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Industrial and Commercial Demand for Electricity by Time-of-Day: A California Case Study

Chinbang Chung, Dennis J. Aigner

Year: 1981
Volume: Volume 2
Number: Number 3
DOI: 10.5547/ISSN0195-6574-EJ-Vol2-No3-7
View Abstract

Abstract:
Recently there has been much interest in time-of-use (TOU) pricing structures for electric utilities. TOU pricing reflects more closely than conventional pricing the cost components of supplying electricity, which vary over the course of a single day as well as over days of the week and seasons of the year. Although such pricing structures have long been used in Europe, they did not receive much attention in the United States prior to 1974.



Conditional Demand Analysis for Estimating Residential End-Use Load Profiles

Dennis J. Aigner, Cynts Sorooshian, and Pamela Kerwin

Year: 1984
Volume: Volume 5
Number: Number 3
DOI: 10.5547/ISSN0195-6574-EJ-Vol5-No3-6
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Abstract:
This paper reports some preliminary results from an ongoing study that uses regression methods to break down total household load into its constituent parts, each associated with a particular electricity-using end use or appliance. The data base used for this purpose consists of 15-minute integrated demand readings on a random sample of statistical control group customers from the Los Angeles Department of Water and Power TOD (time of day)-pricing experiment for the months of August 1978 (132 customers), 1979 (108 customers), and 1980 (80 customers). Twenty-four regression equations are fitted, each one aimed at explaining variation in the time-averaged load (averaged over days of the month) over customers as a function of temperature, house size, and binary indicator variables that indicate the presence or absence of each of the end uses of interest. This sort of method for extracting the individual contributions of end uses to total household load has become known as conditional demand analysis (Parti and Parti, 1981). The success of this method for isolating end-use loads statistically, without direct metering of the appliance, depends crucially on whether the ownership patterns of appliances are well mixed. For example, if (as in our sample) everyone owns at least one refrigerator, it will be impossible to isolate refrigerator load. Similarly,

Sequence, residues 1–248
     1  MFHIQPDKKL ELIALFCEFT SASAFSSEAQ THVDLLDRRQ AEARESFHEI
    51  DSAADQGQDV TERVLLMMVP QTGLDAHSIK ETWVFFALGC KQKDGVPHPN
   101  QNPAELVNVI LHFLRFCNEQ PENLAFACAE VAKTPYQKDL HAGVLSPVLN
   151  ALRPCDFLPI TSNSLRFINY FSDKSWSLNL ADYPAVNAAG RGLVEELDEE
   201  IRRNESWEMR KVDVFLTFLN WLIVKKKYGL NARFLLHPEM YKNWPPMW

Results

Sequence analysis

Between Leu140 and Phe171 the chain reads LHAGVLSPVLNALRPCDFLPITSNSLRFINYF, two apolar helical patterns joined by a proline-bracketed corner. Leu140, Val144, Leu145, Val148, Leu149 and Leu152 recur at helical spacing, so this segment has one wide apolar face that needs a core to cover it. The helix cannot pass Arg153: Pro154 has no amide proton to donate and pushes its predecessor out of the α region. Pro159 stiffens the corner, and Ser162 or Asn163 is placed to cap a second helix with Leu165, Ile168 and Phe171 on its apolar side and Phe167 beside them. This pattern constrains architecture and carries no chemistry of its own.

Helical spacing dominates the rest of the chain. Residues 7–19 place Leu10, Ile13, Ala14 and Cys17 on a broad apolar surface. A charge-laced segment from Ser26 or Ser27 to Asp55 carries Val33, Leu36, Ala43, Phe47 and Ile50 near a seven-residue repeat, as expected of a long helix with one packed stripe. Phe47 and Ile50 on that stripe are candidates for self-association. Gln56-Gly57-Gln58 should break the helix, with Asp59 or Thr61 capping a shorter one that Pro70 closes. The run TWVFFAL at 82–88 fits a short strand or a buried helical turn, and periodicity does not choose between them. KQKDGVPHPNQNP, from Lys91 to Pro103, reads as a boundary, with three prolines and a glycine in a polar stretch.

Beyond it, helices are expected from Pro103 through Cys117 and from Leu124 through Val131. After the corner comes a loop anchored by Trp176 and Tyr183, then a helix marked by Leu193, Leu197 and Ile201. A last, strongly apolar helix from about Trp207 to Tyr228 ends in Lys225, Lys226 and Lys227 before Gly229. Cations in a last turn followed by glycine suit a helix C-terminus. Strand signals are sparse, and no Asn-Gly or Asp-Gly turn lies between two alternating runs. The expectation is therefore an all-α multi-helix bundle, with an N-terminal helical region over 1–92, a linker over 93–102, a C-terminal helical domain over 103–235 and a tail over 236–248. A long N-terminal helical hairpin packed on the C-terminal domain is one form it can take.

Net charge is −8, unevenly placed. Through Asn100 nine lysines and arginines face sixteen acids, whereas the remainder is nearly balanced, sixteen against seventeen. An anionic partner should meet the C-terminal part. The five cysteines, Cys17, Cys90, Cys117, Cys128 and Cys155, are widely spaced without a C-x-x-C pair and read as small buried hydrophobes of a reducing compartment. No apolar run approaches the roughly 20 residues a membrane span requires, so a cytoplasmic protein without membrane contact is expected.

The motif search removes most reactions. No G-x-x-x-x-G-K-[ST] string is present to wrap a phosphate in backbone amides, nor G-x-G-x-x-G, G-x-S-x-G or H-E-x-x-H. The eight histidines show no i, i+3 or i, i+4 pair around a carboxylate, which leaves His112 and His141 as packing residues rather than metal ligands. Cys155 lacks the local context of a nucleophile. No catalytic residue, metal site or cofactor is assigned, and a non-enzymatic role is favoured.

A Note on Measuring Household Welfare Effects of Time-of-Use (TOU) Pricing

Chi-Keung Woo

Year: 1984
Volume: Volume 5
Number: Number 3
DOI: 10.5547/ISSN0195-6574-EJ-Vol5-No3-12
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Abstract:
Several recent studies address the issue of household welfare effects caused by the implementation of time-of-use (TOU) pricing of electricity (for example, see Aigner and Lillard, 1982; Aigner and Learner, 1982; Parks, 1983; and Caves et al., 1983). In these studies, the historical average price is used to assess the household welfare change. Implicit in their approach is the assumption that the original electricity rate structure is a flat one. In fact, however, the common rate structure is multitier, frequently an inverted block. While the literature on demand for electricity includes extensive discussions of whether the average price or the marginal price is the correct price signal to a residential customer (e.g., Taylor, 1975; Nordin, 1976; Terza and Welch, 1982; and Billings, 1982), little attention has been given to evaluating welfare change resulting from TOU pricing.



An Application of the Expenditure Function in Electricity Pricing: Optimal Residential Time-of-Use Rate Option

Chi-Keung Woo

Year: 1985
Volume: Volume 6
Number: Number 2
DOI: 10.5547/ISSN0195-6574-EJ-Vol6-No2-7
View Abstract

Abstract: